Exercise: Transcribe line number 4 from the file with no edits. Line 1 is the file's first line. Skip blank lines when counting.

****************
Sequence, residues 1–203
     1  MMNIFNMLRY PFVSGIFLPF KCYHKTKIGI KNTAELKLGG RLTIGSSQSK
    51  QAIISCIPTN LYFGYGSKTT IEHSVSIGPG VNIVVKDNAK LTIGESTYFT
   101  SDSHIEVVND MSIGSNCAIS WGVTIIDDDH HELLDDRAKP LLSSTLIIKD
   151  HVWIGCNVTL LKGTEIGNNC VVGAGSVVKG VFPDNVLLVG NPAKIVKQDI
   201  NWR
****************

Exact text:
   101  SDSHIEVVND MSIGSNCAIS WGVTIIDDDH HELLDDRAKP LLSSTLIIKD